Canyoneering Question

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Canyoneering Question

Postby Scott McCrea » Mar 18, 2012 9:01 pm

So, we were doing a vertical training session at the local quarry this weekend. A canyoneering guide service showed up after lunch to teach clients rope work. They hiked to the top and lowered a rope. The rope stopped 20' off the bottom and did not have a knot in the end. I said to myself, this could be bad, but surely they know what they are doing. Then a client backed over the edge. We yelled up that the rope was short and unknotted. The guide responded, "I know. No worries." :yikes:

Turns out they lowered rope as the client was rappelling. I approached the guide later and apologized for the ruckus we raised—we were just concerned. He said the knotless rope was standard practice, incase the drop ended in a pool, they could just rap off the end. And, it is standard procedure to lower someone down a pitch to set the proper rope length because canyoneers can rarely see the bottom of drops. I said, "Oh. Ok..."

I have never done any canyoneering. Is knotless ropes standard procedure?
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Re: Canyoneering Question

Postby Chads93GT » Mar 18, 2012 9:35 pm

Ive been told the same thing. the last thing you want to do is rappel into a deep pool of water, weighted with gear, tangled in rope and you cant get away. they do rap right off the end so they can swim freely.
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Re: Canyoneering Question

Postby Scott McCrea » Mar 19, 2012 7:25 am

Yes, I agree that if a rope ends in the water, there should be no knot. But, when you are lowering a rope or rappelling down the first time, I think it is foolish to go knotless. You can always stop before the water and untie the knot.
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Re: Canyoneering Question

Postby Chads93GT » Mar 19, 2012 8:24 am

I agree, that part does sound kind of dumb, afterall, if you slip and go into an out of control rappel, at least the knot at the bottom "may" save you from goin splay.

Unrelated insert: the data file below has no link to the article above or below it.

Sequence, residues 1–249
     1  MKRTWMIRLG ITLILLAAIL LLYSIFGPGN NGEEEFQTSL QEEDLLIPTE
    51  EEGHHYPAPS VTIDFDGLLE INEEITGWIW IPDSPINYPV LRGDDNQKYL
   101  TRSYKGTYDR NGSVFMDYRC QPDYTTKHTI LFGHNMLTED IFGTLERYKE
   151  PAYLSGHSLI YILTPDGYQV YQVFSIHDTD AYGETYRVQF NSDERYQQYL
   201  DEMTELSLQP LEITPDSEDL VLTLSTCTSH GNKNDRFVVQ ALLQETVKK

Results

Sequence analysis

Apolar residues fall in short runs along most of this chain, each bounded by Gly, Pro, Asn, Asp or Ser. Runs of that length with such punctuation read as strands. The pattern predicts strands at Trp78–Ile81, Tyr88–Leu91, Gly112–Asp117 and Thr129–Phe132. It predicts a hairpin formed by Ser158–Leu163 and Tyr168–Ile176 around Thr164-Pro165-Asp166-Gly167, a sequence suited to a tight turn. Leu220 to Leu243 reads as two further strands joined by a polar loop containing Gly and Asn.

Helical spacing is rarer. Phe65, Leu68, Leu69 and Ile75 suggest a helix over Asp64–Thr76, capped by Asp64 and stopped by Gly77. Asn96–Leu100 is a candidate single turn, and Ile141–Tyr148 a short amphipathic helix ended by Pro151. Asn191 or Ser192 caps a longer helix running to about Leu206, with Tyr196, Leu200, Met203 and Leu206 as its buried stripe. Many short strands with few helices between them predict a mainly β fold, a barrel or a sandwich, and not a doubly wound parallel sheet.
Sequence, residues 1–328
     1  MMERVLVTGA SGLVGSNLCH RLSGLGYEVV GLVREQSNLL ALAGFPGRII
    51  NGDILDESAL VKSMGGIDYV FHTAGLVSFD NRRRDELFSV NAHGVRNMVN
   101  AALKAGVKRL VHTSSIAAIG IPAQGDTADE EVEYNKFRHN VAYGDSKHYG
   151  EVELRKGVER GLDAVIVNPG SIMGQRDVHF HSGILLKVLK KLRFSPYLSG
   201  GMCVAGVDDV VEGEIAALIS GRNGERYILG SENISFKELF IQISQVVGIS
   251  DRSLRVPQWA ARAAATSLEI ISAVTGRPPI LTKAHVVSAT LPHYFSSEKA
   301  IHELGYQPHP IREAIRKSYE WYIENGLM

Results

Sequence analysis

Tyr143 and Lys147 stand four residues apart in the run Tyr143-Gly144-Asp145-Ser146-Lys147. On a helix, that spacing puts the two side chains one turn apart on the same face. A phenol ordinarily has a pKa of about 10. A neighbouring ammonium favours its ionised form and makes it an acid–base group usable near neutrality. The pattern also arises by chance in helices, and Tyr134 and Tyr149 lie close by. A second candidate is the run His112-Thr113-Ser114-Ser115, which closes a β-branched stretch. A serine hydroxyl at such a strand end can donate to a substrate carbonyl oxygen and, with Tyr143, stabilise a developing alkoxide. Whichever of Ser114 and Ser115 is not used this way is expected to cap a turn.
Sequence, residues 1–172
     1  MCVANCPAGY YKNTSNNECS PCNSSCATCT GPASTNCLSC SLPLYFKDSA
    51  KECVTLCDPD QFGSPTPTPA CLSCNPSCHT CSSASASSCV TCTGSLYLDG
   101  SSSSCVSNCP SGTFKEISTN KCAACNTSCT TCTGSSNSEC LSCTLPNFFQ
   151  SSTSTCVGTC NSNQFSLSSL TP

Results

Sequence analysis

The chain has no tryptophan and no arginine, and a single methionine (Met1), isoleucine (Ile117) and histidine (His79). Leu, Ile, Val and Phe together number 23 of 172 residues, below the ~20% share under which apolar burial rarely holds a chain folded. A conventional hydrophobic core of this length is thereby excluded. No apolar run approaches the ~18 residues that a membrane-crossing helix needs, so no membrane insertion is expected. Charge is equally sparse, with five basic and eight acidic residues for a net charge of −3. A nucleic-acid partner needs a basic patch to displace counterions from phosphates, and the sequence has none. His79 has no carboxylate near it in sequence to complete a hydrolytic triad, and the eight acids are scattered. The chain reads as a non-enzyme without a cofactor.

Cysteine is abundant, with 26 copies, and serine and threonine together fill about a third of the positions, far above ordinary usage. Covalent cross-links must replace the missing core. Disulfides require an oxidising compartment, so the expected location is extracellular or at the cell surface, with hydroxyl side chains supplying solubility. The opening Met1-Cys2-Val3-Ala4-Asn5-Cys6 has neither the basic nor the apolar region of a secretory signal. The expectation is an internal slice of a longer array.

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Re: Canyoneering Question

Postby caverdan » Mar 19, 2012 10:00 am

Apples and oranges is what it is when comparing canyoneering with caving. They do a lot of things cavers would not do underground. Things like filling a bag full of dirt, then repelling off it and pull it down behind you. :yikes: The devises they repel on might not give them the option to stop and lock off the rope easily to untie a knot in the end. Check out Bogley.com if you want to find out more about canyoneering.
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Re: Canyoneering Question

Postby Anonymous_Coward » Mar 19, 2012 10:23 am

I think I can help with this one.

First of all, I am not some kind of expert canyoneer guy. I am just a caver that goes canyoneering quite a bit.

The answer is yes and no. Yes, it is standard practice to leave the rope unknotted. This is a safety consideration for rappelling into water. It avoids the dreaded "floating disconnect" which can and has been fatal, especially in whitewater. No knot also greatly increases efficiency on dry bottom rappels, especially with large groups. Pulling the rope through your rappel device (once on the ground) is faster than disconnecting for anyone, regardless of what device you use. Multiply that by 6-8 people, plus rigging, pull-down, and rope stuffing for each drop X 15 rappels + racing approaching T-storms and you start to get the idea.